The study from the American Petroleum Institute (conducted by economic modeling firm OnLocation) warns that banning federal leasing and fracking on public and private lands, which some presidential candidates have proposed, would cost up to 7.5 million American jobs in 2022 alone, lead to a cumulative GDP loss of $7.1 trillion by 2030, slash household incomes by $5,400 annually, increase household energy costs by more than $600 per year and reduce farm incomes by 43 percent due to higher energy costs. If a ban is enacted, the U.S. would flip from being a net exporter of oil and petroleum products to importing more than 40 percent of supplies by 2030.
Oil and Natural Gas Light the Way for Texans
This report from the Consumer Energy Alliance examined how the shale revolution across Texas has provided benefits to Lone Star State residents by boosting disposable income and revitalizing communities, saving residential users $7.2 billion, and commercial and industrial users $52 billion.
Legislating Energy Poverty: A Case Study of How California’s and New York’s Climate Change Policies Are Increasing Energy Costs and Hurting the Economy
This analysis from Wayne Winegarden of the Pacific Research Institute shows the big government approach to fighting climate change taken by California and New York hits working class and minority communities the hardest. The paper reviews the impact of global warming policies adopted in California and New York, such as unrealistic renewable energy goals, strict low carbon fuel standards, and costly subsidies for buying higher-priced electric cars and installing solar panels. The report finds that, collectively, these expensive and burdensome policies are dramatically increasing the energy burdens of their respective state residents.
Debunking Four Persistent Myths about Hydraulic Fracturing
This Heartland Institute Policy Brief by Policy Analyst Timothy Benson and former Heartland communications intern Linnea Lueken outlines the basic elements of the fracking process and then refutes the four most widespread fracking myths, providing lawmakers and the public with the research and data they need to make informed decisions about hydraulic fracturing.
The Local Economic and Welfare Consequences of Hydraulic Fracturing
This comprehensive study published by the National Bureau of Economic Research says fracking brings, on average, $1,300 to $1,900 in annual benefits to local households, including a 7 percent increase in average income, a 10 percent increase in employment, and a 6 percent increase in housing prices.
Impacts of the Natural Gas and Oil Industry on the U.S. Economy in 2015
This study, conducted by PricewaterhouseCoopers and commissioned by the American Petroleum Institute, shows that the natural gas and oil industry supported 10.3 million U.S. jobs in 2015. According to the Bureau of Labor Statistics, the average wage paid by the natural gas and oil industry, excluding retail station jobs, was $101,181 in 2016, which is nearly 90 percent more than the national average. The study also shows the natural gas and oil industry has had widespread impacts in each of the 50 states.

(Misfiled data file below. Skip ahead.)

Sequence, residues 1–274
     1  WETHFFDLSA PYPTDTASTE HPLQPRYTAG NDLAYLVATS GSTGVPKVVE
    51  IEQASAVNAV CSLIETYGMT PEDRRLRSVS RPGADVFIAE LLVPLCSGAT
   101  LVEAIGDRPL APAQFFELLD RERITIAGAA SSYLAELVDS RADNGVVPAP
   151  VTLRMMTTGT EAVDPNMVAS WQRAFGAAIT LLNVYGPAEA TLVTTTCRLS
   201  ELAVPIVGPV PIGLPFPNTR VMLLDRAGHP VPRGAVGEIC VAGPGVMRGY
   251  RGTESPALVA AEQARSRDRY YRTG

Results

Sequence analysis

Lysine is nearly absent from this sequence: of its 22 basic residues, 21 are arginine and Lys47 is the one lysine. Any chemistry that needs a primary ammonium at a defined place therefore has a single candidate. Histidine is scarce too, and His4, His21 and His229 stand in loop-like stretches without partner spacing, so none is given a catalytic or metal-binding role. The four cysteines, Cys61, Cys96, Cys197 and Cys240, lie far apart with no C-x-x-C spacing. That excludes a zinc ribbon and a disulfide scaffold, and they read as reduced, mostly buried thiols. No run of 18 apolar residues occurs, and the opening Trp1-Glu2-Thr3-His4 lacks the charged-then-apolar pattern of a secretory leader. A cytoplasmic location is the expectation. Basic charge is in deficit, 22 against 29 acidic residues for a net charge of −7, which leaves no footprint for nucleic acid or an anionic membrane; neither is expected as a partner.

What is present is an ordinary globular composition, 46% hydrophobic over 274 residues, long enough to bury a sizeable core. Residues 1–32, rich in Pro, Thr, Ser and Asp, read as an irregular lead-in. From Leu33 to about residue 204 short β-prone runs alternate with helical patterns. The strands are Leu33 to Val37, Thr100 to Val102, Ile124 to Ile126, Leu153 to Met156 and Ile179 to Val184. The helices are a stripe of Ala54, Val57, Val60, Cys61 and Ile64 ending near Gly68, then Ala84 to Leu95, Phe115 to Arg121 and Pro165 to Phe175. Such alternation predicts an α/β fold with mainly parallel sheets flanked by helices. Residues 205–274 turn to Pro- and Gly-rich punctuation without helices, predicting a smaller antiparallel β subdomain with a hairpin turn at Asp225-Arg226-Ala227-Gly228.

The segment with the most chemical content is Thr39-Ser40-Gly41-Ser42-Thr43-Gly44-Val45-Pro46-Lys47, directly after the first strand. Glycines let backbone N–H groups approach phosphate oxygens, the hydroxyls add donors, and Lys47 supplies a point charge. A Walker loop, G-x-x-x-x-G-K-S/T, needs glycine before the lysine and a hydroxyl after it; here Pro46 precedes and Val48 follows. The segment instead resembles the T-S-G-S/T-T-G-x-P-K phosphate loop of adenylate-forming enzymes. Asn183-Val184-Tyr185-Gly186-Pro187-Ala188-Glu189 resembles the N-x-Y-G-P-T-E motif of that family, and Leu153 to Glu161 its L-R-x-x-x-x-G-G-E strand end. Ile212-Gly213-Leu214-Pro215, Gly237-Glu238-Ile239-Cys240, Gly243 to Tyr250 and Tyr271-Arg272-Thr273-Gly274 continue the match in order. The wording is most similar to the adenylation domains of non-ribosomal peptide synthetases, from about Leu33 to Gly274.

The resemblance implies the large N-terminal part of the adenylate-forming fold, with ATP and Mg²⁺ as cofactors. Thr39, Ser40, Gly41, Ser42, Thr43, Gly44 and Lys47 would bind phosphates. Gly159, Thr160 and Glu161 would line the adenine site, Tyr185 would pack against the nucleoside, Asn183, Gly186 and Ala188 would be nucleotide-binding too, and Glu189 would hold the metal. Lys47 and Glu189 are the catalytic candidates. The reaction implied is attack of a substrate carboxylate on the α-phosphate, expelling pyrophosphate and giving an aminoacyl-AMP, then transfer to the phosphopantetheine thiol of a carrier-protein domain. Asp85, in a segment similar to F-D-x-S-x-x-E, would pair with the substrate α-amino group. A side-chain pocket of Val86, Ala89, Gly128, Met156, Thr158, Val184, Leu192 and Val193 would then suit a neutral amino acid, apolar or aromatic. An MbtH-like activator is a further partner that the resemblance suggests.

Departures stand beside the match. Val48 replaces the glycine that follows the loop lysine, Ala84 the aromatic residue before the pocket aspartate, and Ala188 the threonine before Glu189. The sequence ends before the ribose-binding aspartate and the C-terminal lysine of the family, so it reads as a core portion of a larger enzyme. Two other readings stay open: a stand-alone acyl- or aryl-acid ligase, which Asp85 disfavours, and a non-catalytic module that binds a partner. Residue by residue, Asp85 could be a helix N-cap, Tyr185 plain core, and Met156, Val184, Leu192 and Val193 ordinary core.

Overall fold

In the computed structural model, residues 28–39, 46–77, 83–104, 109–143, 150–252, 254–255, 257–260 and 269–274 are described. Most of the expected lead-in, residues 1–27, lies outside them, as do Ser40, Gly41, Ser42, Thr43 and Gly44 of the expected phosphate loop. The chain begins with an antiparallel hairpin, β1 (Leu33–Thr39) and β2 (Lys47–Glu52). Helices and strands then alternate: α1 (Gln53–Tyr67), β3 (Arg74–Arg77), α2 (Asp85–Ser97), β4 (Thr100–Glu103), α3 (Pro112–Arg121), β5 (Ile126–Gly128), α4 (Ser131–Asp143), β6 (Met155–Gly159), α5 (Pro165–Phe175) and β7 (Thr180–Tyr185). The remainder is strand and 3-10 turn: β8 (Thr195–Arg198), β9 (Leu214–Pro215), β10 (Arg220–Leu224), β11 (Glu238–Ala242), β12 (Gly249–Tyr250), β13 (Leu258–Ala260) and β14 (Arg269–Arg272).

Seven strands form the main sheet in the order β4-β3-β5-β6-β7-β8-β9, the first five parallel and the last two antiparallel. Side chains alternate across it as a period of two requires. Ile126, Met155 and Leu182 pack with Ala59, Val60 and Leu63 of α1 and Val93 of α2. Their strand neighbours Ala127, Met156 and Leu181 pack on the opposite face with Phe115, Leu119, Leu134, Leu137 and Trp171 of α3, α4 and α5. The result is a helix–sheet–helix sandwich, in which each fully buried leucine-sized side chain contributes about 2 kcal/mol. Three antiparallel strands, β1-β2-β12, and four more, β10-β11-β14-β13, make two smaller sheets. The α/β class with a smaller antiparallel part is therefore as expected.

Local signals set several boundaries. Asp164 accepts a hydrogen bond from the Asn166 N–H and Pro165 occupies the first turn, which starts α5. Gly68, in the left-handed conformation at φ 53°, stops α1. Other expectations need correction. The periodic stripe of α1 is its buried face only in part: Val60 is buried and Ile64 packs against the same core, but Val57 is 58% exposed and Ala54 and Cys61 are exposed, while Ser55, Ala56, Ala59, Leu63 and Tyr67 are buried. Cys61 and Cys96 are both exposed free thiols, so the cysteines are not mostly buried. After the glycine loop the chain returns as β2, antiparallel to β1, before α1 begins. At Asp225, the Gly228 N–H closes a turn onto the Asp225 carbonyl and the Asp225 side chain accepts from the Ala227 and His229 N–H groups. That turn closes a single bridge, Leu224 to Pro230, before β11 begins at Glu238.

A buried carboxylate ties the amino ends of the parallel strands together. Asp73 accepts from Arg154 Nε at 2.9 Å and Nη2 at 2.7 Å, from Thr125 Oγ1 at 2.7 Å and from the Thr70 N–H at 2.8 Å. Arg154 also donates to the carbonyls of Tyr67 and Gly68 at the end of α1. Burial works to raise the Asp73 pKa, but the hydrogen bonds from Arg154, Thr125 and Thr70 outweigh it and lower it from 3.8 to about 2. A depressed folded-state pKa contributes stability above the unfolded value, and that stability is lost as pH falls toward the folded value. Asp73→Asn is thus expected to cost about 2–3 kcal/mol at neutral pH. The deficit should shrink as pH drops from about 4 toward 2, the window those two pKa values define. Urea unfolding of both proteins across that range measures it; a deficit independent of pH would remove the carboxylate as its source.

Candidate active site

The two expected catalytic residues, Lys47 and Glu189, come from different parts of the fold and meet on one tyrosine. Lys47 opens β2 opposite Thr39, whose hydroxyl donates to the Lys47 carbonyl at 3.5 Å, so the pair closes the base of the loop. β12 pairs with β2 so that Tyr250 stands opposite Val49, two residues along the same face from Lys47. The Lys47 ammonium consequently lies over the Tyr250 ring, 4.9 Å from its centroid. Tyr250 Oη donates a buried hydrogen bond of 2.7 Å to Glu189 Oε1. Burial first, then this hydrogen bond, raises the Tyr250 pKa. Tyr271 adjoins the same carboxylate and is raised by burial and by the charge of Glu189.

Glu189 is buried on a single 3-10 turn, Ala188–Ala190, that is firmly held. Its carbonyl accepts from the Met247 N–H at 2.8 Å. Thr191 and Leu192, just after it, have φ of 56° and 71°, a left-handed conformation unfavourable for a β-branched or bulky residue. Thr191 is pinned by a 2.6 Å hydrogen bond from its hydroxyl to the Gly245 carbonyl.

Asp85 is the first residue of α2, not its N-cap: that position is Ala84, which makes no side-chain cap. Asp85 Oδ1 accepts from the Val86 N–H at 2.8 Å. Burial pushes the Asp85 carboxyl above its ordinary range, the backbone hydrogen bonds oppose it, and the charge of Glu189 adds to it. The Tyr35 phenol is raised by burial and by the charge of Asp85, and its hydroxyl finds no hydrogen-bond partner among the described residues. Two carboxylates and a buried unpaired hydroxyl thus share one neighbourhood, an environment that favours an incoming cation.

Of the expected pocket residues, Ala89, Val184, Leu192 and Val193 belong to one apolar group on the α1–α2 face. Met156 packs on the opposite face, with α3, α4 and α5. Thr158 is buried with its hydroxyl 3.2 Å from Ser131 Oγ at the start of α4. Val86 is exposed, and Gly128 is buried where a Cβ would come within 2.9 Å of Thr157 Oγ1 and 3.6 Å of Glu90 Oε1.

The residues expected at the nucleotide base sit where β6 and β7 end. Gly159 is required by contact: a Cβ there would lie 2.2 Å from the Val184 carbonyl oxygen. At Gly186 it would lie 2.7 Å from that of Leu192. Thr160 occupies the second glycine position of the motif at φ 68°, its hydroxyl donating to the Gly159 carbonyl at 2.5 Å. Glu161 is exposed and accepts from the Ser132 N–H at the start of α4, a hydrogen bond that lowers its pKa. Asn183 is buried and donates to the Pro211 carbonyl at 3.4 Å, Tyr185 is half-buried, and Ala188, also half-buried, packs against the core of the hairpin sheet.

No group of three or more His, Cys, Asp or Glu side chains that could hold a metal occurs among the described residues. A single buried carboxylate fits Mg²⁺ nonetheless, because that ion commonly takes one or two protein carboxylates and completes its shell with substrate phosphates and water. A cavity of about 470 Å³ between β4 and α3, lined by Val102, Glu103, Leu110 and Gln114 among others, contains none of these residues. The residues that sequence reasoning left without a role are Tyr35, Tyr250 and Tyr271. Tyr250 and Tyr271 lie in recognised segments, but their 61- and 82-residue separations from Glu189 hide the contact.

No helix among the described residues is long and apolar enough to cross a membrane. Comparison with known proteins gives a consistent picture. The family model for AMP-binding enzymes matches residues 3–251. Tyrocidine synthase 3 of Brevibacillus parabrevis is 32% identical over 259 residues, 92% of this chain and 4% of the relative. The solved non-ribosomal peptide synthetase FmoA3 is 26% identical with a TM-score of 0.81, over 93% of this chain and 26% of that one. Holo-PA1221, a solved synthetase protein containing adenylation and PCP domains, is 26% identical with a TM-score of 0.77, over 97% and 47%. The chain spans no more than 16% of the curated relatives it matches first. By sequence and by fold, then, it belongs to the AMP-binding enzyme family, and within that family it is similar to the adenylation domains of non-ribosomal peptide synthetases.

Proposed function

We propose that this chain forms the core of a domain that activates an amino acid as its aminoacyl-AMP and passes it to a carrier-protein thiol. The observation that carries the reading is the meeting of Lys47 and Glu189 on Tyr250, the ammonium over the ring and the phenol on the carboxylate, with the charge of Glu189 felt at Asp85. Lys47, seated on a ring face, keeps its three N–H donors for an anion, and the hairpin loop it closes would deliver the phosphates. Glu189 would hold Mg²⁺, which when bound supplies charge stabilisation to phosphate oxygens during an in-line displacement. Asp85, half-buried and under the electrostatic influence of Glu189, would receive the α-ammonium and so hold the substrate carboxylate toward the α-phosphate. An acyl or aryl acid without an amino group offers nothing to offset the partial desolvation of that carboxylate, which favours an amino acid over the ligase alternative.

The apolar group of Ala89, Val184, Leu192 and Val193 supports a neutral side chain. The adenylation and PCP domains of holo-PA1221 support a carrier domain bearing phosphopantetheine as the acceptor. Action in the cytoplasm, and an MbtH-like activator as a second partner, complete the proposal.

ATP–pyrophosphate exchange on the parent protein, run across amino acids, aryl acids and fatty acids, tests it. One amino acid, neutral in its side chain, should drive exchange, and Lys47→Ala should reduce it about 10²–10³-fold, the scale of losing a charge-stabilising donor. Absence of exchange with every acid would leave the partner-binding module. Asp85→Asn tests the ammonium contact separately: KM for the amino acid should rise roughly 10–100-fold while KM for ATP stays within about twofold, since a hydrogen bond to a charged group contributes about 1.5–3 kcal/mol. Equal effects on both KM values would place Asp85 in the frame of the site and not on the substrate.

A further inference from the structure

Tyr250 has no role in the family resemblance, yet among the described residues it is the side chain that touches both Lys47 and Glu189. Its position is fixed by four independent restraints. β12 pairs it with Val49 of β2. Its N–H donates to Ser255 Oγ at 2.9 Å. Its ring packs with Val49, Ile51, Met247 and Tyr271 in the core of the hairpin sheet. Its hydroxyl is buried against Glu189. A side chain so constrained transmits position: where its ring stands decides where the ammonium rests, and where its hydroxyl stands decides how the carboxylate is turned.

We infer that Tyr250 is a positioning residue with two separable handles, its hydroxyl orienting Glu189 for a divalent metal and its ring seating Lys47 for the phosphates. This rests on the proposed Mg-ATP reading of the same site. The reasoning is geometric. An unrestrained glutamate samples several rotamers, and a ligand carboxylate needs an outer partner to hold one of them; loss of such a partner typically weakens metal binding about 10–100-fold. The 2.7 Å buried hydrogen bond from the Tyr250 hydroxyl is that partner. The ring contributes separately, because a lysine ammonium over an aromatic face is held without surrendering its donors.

The U.S. Leads the World in Clean Air: The Case for Environmental Optimism
This paper from the Texas Public Policy Foundation examines how the United States achieved robust economic growth while dramatically reducing emissions of air pollutants. The paper states that these achievements should be celebrated as a public policy success story, but instead the prevailing narrative among political and environmental leaders is one of environmental decline that can only be reversed with a more stringent regulatory approach. Instead, the paper urges for the data to be considered and applied to the narrative.
Climate Change Reconsidered II: Fossil Fuels – Summary for Policymakers
In this fifth volume of the Climate Change Reconsidered series, 117 scientists, economists, and other experts assess the costs and benefits of the use of fossil fuels by reviewing scientific and economic literature on organic chemistry, climate science, public health, economic history, human security, and theoretical studies based on integrated assessment models (IAMs) and cost-benefit analysis (CBA).
The Social Benefits of Fossil Fuels
This Heartland Policy Brief by Joseph Bast and Peter Ferrara documents the many benefits from the historic and still ongoing use of fossil fuels. Fossil fuels are lifting billions of people out of poverty, reducing all the negative effects of poverty on human health, and vastly improving human well-being and safety by powering labor-saving and life-protecting technologies, such as air conditioning, modern medicine, and cars and trucks. They are dramatically increasing the quantity of food humans produce and improving the reliability of the food supply, directly benefiting human health. Further, fossil fuel emissions are possibly contributing to a “Greening of the Earth,” benefiting all the plants and wildlife on the planet.
Nothing in this Research & Commentary is intended to influence the passage of legislation, and it does not necessarily represent the views of The Heartland Institute. For further information on this subject, visit Environment & Climate News, The Heartland Institute’s website, and PolicyBot, Heartland’s free online research database.